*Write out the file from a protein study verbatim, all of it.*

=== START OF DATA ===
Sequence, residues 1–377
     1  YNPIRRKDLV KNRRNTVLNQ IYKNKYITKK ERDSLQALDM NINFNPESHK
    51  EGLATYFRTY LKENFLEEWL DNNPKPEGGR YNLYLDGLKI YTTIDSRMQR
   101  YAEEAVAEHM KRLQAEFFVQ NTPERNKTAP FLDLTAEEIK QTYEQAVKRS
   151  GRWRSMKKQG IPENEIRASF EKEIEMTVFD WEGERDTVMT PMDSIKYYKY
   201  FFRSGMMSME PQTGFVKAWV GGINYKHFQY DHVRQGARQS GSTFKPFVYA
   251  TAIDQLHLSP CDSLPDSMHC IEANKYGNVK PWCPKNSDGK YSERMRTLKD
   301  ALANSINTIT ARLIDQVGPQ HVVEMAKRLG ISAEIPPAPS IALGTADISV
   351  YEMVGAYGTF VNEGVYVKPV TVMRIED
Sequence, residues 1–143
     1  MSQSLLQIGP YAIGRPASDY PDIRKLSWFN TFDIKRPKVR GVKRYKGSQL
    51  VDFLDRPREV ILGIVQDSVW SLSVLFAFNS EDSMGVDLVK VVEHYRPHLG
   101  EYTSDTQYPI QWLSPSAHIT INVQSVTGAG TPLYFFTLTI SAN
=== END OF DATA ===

Sequence, residues 1–377
     1  YNPIRRKDLV KNRRNTVLNQ IYKNKYITKK ERDSLQALDM NINFNPESHK
    51  EGLATYFRTY LKENFLEEWL DNNPKPEGGR YNLYLDGLKI YTTIDSRMQR
   101  YAEEAVAEHM KRLQAEFFVQ NTPERNKTAP FLDLTAEEIK QTYEQAVKRS
   151  GRWRSMKKQG IPENEIRASF EKEIEMTVFD WEGERDTVMT PMDSIKYYKY
   201  FFRSGMMSME PQTGFVKAWV GGINYKHFQY DHVRQGARQS GSTFKPFVYA
   251  TAIDQLHLSP CDSLPDSMHC IEANKYGNVK PWCPKNSDGK YSERMRTLKD
   301  ALANSINTIT ARLIDQVGPQ HVVEMAKRLG ISAEIPPAPS IALGTADISV
   351  YEMVGAYGTF VNEGVYVKPV TVMRIED
Sequence, residues 1–143
     1  MSQSLLQIGP YAIGRPASDY PDIRKLSWFN TFDIKRPKVR GVKRYKGSQL
    51  VDFLDRPREV ILGIVQDSVW SLSVLFAFNS EDSMGVDLVK VVEHYRPHLG
   101  EYTSDTQYPI QWLSPSAHIT INVQSVTGAG TPLYFFTLTI SAN